You can not just write different code without thinking about the algorithm and how your changes influence complexity. Moreover, you have to write code that will follow your algorithm.

General strategies for optimizing code for programming challenges? What? If there where such strategies no one would be challenging anymore. That is why it is so difficult and those competitions exist even now.

There are classes of problems that can be solved effectively with specific algorithm\approach. Competition task itself never describes what class or problems it is and what algorithm to use, you have to find it out by yourself. Determine the class of the problem you are trying to solve and then choose an algorithm that will satisfy the problem's memory/time requirements.

First of all. The problem you are trying to solve can be recognized as "implementation" when it didn't relate to any specific class directly. You have to do what it says. Implementation class requires you to be flexible minded, especially in this case because you have time requirements that brute-force didn't meet.

## Algorithm

We have a set of digits with their costs. How to construct the largest possible number from it? We have to research the relation between numbers order and digits they have.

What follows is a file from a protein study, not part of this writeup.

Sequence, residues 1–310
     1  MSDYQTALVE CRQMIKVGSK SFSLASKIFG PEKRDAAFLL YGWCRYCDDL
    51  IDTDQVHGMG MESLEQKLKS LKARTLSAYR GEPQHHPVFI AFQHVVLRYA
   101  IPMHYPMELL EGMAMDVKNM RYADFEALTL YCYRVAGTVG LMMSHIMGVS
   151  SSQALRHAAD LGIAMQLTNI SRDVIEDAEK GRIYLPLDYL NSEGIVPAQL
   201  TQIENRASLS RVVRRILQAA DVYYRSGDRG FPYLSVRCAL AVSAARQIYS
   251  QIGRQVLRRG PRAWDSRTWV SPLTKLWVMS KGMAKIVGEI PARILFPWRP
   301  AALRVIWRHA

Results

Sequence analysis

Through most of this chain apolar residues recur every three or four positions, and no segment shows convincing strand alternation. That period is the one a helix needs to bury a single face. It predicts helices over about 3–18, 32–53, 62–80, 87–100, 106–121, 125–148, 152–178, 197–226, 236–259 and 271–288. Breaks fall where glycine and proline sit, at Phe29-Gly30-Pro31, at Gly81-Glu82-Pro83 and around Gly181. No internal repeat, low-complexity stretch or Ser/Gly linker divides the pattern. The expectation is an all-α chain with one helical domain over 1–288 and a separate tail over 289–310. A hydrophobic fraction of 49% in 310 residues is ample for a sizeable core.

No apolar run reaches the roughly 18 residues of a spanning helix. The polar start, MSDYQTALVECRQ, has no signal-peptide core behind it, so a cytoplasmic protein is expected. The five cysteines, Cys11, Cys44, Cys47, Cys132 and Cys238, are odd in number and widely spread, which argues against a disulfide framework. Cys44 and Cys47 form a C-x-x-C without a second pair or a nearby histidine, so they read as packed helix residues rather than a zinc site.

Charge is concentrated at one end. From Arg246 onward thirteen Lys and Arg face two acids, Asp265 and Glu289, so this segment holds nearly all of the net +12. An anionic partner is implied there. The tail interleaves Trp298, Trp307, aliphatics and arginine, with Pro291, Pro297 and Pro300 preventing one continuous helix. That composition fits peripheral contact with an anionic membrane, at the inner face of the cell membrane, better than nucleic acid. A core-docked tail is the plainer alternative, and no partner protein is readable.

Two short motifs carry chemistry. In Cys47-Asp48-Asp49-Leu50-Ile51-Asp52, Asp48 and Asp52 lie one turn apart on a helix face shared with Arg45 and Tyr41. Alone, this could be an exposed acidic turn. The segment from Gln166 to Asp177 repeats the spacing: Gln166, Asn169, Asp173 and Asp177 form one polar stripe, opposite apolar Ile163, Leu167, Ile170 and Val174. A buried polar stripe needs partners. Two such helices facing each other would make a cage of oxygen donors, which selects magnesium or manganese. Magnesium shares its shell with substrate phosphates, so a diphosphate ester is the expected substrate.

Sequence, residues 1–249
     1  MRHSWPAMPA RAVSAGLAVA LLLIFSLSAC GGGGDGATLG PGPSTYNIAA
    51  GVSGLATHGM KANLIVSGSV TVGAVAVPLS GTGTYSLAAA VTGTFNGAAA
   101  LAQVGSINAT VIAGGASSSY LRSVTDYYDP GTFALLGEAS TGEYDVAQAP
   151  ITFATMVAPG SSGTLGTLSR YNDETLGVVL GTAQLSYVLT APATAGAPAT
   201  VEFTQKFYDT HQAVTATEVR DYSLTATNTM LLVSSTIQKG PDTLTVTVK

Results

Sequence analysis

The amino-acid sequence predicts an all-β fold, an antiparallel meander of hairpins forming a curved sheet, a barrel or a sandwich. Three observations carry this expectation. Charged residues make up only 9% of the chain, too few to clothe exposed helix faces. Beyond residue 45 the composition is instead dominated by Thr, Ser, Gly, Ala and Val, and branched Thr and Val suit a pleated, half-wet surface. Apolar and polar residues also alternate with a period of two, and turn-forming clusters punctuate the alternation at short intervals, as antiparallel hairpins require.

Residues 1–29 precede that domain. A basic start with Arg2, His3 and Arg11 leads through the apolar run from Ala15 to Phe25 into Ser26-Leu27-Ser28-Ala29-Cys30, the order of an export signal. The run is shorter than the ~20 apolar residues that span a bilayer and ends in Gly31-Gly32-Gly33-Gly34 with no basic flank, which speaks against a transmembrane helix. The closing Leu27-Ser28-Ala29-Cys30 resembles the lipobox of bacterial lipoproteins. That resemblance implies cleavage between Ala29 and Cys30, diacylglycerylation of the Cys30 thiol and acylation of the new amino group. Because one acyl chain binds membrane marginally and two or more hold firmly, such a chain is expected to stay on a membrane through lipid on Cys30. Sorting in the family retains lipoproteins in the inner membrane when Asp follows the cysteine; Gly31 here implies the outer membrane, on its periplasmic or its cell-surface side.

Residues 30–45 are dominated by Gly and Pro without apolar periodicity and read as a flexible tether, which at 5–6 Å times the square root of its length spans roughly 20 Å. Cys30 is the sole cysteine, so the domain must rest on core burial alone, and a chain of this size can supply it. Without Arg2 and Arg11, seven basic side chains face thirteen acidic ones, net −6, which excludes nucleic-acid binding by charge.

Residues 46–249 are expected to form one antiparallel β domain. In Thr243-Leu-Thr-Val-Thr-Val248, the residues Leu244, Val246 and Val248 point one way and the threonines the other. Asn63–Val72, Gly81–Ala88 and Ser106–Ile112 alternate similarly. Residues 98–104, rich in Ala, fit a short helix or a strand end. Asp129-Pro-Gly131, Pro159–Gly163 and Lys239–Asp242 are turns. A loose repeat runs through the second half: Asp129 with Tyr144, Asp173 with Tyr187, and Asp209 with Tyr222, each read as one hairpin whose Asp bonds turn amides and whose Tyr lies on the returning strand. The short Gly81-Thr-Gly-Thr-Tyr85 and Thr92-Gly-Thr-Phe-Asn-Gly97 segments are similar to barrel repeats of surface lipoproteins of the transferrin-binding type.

$$A > B = \begin{cases} true & \text{if } dc(A) > dc(B) & \text{(1)} \\ true & \text{if } dc(A) = dc(B) \text{ and } \\ & \text{if } h(A) > h(B) \text{ or } h(A) = h(B) \text{ and } t(A) > t(B) & \text{(2)} \\ false & \text{else} \end{cases}$$

, where
$$\ X = \left( x_1, x_2, \dots, x_n \right) \$$ - number or vector of $$\ n \$$ digits
$$\ dc(X) = |X| = n \$$ - is number of digits in number (digits count)
$$\ h(X) = x_1 \$$ - returns digit of the highest order (head), e.g. $$\ h(123) = 1 \$$
$$\ t(X) = X' = \left( x_2, \dots, x_n \right) \$$ - returns number without the highest order digit (tail), e.g. $$\ t(123) = 23 \$$

Let's look at those rules and figure out rules that will give us the biggest possible number using the given set of digits.

$$\ \text{(1)} \$$ consequence: more digits you have - better. That means we have to be greedy and take as much as possible digits with the lowest price.